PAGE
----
U.S. charges analyst in IBM insider trading case
WASHINGTON (Reuters) - U.S. authorities on Wednesday announced charges against a research analyst for trading and tipping others ahead of a 2009 acquisition by computer giant IBM (IBM.N), expanding a related insider trading case filed last month.
Federal prosecutors charged Trent Martin, who worked at a Connecticut brokerage firm, for purchasing shares of SPSS before IBM agreed to the $1.2 billion deal. He was also charged with passing the information to others, including his roommate.
On November 29 the Justice Department and the Securities and Exchange Commission charged two former stockbrokers, including Martin's roommate, for their roles in the alleged insider trading scheme.
The three and others made more than $1 million by trading ahead of the acquisition, prosecutors said.
Martin was specifically named as the source of the information in instant messages between the two brokers, Thomas Conradt and David Weishaus, authorities said.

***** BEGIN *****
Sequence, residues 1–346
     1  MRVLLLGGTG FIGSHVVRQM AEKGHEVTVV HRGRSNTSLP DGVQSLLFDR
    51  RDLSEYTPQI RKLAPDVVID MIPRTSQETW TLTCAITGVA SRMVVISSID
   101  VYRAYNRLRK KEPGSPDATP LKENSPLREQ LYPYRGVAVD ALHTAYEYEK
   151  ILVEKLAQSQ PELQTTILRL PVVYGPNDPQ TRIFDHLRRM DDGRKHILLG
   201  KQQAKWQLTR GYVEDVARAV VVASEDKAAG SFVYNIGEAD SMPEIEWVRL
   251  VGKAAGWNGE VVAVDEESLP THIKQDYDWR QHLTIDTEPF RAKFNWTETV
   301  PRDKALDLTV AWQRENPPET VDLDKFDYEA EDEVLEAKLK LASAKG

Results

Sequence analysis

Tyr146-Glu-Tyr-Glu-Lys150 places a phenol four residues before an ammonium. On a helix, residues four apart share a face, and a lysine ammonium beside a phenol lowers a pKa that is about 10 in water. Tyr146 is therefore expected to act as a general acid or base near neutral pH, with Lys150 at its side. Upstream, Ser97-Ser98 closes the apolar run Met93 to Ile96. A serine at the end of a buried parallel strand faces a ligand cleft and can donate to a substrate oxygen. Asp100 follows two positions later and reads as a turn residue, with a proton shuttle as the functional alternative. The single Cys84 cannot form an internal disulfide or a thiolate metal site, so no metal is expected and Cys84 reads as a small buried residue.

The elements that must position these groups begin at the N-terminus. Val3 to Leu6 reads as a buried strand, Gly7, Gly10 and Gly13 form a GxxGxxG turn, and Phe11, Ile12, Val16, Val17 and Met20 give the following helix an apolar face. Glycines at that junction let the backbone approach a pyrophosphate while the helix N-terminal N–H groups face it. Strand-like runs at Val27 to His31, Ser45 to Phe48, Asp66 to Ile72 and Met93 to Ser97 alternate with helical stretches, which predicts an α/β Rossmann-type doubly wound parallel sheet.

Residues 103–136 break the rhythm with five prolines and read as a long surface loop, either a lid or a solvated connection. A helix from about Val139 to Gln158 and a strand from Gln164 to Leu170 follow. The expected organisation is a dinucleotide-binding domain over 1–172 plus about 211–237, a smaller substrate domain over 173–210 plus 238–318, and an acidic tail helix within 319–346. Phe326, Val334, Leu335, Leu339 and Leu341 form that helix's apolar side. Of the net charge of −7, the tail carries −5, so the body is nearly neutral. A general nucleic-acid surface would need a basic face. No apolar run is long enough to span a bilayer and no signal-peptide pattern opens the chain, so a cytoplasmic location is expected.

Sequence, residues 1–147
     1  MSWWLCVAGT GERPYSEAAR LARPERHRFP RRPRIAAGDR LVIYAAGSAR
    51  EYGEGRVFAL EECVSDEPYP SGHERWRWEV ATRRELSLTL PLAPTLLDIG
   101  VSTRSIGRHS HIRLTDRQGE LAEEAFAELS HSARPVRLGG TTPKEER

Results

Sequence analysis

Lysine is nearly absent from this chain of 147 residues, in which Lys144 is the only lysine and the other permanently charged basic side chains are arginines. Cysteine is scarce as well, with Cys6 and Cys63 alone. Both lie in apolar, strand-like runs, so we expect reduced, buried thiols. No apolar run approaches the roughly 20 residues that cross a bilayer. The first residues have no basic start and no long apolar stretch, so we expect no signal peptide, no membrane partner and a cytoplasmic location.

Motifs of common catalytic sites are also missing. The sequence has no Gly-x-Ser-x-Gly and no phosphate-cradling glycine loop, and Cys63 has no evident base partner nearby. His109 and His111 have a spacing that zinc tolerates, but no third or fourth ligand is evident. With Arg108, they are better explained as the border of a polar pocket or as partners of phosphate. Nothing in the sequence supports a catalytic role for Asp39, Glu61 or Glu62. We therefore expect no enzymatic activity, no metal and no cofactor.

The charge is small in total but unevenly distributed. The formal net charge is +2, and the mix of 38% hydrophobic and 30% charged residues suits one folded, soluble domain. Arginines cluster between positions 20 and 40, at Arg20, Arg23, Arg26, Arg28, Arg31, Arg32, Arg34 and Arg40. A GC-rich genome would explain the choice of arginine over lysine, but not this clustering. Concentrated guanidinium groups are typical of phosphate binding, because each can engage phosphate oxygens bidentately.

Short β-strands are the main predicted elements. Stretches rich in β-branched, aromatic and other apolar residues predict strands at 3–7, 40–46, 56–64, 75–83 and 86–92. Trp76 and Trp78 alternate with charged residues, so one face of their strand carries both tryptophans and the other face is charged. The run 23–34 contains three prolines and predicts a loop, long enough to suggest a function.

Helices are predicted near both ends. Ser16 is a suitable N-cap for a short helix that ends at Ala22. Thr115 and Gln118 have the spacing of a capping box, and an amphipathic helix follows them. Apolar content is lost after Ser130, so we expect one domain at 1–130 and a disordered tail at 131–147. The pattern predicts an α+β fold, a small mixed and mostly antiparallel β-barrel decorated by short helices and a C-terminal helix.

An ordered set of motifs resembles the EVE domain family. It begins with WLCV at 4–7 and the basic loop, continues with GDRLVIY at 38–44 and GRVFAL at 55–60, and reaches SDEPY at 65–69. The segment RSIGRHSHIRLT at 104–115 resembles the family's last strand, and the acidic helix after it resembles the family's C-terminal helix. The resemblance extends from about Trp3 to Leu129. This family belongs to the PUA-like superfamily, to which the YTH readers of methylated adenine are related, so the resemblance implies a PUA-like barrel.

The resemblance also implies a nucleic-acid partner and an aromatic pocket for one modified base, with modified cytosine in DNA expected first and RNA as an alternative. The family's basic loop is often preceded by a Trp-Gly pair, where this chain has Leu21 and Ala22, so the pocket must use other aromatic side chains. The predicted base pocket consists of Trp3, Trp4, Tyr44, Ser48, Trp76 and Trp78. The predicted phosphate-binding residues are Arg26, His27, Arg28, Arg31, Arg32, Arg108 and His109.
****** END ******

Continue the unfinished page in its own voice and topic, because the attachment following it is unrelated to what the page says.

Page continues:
In a July 2009 message, referring to Martin by name, Conradt wrote: "holy f*** . . . god trent told me not to tell anyone . . . big mistake," according to the indictment unsealed on Wednesday.
Weishaus responded, "eh, we'll get rich."
Martin, an Australian citizen, was arrested on December 22 in Hong Kong, the Justice Department said. Martin could not immediately be reached for comment.
The Securities and Exchange Commission, which filed related civil charges against Martin on Wednesday, said he fled the United States to Australia soon after learning about the SEC's investigation.
IBM agreed to pay $50 per share for SPSS, a 42 percent premium to SPSS' closing price on the day before the purchase was announced.
(Reporting by Aruna Viswanatha; Editing by Dan Grebler)
- Tweet this
- Share this
- Digg this
- Alabama man claims penis was amputated by mistake
- UPDATE 4-Liberian man in Lagos being tested for Ebola
- 'Weird Al' Yankovic still trying to wrap head around No. 1 album
- Asian economies to struggle on weak export demand - Reuters poll
- UPDATE 2-U.S. says Russia firing artillery over border at Ukraine military
India will find it difficult to support new global customs rules without "an assurance and visible outcomes" that a permanent solution is being negotiated over its concerns about public food stockholdings, the trade minister said on Friday. Full Article